PBL gurus, Suzie Boss and Jane Krauss will be attending, teaching, and sharing. It really isn’t something you want to miss whether you’re already a project-based learning junkie, a beginner, or just curious.

Hope to see you there!

Imagination

…it is so essential to not only success in school and life, but in our own happiness. I think back to being a child and how boundless my imagination seemed. Hours upon hours spent dreaming, plotting, and playing out fantasies that were all very real in my heart. I look at myself today and see evidence of that kid, but the truth is my imagination is most certainly bound now. I would tend to think that those that are able to keep their imagination free and unfettered are some of our most successful businessmen and women, technologists, writers, and visionaries.

In terms of current education, I feel strongly that we need to be fostering the continued growth of imagination in our students. I’m as guilty as anyone at times with how my classroom operates. (My more traditional classroom setting has that prison-like feel to it some days where I’m the sole authority of knowledge and my students are their to just ‘learn their lesson’) Still, what has been one of the coolest experiences of developing a PBL classroom has been seeing students suddenly re-engaging their imaginations to develop projects that matter to them.

Don’t get me wrong–I have several students who really struggle coming up with creative solutions to the problems that these projects present, but I think that may be the result of their own imaginations being suppressed over time in school, or at home for that matter. The students who really take advantage of what PBL offers often times astound me with their work. I’ve seen everything from community events to educational green spaces to 3D interactive educational timeline boards (more on that one later) to ninety page novellas from my students. The point is that the result of these projects would be very rare in a traditional classroom. Why? Because there is no time considering the pacing of units and preparation for tests, right?! No matter the reason or what we might want to blame for hampering our students’ imaginations, what we really need to do is continue to find ways to re-engage those imaginations.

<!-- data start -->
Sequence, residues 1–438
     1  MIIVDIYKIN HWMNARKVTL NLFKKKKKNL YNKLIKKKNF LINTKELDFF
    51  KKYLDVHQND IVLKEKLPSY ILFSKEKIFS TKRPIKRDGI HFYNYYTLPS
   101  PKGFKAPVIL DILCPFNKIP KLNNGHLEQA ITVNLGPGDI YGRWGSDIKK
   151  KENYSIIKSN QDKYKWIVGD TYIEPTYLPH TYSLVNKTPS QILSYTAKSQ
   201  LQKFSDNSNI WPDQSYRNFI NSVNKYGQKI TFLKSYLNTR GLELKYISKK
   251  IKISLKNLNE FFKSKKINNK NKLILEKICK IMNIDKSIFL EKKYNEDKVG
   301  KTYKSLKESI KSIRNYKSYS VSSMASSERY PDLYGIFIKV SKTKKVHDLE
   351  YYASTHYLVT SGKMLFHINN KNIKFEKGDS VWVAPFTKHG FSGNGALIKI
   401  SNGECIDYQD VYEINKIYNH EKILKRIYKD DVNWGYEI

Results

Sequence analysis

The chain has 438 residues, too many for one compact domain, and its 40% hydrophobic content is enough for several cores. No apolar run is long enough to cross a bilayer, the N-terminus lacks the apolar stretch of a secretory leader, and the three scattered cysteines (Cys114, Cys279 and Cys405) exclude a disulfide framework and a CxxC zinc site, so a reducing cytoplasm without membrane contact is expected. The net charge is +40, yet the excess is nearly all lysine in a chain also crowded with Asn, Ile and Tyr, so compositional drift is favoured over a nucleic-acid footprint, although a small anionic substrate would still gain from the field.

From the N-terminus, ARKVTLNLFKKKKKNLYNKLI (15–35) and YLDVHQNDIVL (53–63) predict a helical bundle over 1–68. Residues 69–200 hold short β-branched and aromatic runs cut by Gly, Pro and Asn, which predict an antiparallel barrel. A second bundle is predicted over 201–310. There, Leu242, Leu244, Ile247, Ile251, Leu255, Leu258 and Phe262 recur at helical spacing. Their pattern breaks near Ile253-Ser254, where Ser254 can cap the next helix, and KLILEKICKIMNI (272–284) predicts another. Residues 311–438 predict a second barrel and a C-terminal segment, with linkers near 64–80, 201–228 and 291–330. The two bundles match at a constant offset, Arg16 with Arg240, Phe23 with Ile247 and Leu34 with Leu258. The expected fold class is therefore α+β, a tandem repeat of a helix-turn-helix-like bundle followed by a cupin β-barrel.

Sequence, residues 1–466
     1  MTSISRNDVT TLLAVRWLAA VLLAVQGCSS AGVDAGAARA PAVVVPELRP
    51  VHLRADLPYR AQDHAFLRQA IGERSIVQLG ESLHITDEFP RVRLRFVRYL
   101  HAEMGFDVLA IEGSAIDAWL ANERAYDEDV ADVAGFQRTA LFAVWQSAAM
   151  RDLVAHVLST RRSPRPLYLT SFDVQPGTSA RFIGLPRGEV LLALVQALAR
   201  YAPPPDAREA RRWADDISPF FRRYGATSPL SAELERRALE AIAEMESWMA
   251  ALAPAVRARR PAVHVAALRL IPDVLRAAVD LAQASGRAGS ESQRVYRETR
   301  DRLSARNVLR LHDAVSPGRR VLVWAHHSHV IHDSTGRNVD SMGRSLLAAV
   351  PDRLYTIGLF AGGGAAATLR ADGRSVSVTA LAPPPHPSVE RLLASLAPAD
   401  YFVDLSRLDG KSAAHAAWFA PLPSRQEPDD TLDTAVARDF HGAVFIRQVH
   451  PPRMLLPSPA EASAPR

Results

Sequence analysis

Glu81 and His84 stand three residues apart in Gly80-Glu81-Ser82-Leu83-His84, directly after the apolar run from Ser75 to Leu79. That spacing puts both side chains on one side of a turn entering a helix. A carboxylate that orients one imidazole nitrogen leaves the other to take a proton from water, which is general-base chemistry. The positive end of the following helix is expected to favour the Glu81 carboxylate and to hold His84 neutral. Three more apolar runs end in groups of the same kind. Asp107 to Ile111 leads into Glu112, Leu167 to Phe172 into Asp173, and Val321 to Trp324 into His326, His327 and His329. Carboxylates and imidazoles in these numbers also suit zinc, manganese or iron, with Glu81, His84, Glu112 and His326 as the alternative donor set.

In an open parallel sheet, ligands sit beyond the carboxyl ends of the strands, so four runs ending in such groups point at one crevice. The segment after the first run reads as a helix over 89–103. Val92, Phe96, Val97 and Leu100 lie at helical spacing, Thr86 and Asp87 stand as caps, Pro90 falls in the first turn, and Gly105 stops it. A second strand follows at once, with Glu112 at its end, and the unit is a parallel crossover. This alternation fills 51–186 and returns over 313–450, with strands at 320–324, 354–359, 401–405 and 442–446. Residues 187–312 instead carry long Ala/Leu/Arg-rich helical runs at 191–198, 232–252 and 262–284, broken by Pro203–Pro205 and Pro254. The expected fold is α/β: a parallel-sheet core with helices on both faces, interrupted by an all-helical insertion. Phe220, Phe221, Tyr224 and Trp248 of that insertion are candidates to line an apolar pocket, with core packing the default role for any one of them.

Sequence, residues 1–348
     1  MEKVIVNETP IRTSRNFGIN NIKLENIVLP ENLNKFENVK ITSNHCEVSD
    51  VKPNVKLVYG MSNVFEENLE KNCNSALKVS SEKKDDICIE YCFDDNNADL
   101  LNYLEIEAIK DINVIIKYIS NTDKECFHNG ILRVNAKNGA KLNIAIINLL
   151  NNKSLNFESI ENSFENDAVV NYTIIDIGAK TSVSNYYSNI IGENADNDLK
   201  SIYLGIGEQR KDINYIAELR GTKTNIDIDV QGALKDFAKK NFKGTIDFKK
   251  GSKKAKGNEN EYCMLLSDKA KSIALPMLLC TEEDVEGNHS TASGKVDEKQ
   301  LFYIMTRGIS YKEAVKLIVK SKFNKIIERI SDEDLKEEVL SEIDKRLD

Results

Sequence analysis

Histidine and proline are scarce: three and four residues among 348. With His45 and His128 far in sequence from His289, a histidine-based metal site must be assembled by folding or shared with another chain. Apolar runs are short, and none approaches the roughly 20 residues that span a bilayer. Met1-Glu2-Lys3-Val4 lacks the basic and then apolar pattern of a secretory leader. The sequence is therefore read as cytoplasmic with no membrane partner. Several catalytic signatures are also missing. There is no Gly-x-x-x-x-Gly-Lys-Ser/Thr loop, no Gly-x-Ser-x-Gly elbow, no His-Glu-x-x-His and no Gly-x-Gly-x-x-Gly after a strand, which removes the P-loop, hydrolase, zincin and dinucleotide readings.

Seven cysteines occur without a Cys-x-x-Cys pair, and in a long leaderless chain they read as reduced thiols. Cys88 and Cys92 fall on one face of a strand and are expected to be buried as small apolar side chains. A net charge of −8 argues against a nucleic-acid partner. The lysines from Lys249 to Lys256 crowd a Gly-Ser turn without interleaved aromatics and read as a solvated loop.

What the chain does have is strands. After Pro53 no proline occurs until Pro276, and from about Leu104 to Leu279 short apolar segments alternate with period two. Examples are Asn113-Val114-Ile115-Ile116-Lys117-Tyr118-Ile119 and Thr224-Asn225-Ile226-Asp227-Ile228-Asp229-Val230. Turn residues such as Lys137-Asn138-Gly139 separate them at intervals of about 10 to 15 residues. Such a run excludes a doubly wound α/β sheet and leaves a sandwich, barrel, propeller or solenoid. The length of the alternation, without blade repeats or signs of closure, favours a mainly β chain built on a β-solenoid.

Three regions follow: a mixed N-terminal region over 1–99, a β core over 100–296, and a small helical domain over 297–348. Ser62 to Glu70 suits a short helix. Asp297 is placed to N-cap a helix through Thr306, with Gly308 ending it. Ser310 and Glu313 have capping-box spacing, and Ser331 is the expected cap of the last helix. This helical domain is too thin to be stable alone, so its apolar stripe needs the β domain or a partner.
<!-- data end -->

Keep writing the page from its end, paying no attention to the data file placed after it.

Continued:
I strongly encourage any one out there that is involved in educating our youth to foster their imaginations by using any means possible to show what they can build, develop, redesign, re-image, write, craft, or invent. The key to their future as well as our own is most often found in unlocking the potential of the human mind.

Project: Knowledge of the Garden – UPDATED

UPDATE (4/19): The garden is complete! Last weekend I spent a few hours with my students aiding them in completing a project they had passionately been pursuing for the last several month. Scentia Hortus, or Knowledge of the Garden as translated from Latin, will stand as an educational green space in Suwanee’s White Street Park. Click here for an article the Gwinnett Daily Post wrote about the project. Below is a great picture of the effort. It has been incredible to watch this project develop over time and come to life.

From (4/9): Here is the latest article highlighting a few of my students recent work on finishing an ongoing project at a local park. I couldn’t be prouder of the work they have done and the follow through they’ve shown throughout the, at times, arduous process of developing the project. Students developed an educational green space in the shape of a flat globe to demonstrate their knowledge of both human geography but various writing styles for language arts as well. Here is a snippet from one of our students, Katelyn, as quoted in the article on the reason the garden is shaped like a globe and what is included in the garden:

“Within the land of the globe, we will be placing day lilies and irises. A path made of river stone will be throughout the sea. We wrote plaques that will be bordering the continents and have information regarding topics such as environmental impact of the continent, techniques that environmental writers use to spread the environmental news, agricultural techniques, and even some of the national flowers of the areas,” she continued. “There are 10 plaques bordering the continents with this information, and there are three plaques stationed at the garden entrances that detail the agricultural revolutions.”

If you live in the Suwanee area, take the time to go by and see their work at White Street Park! Yet another great example of how PBL revolutionizes education for this generation of students.

‘Testing Season’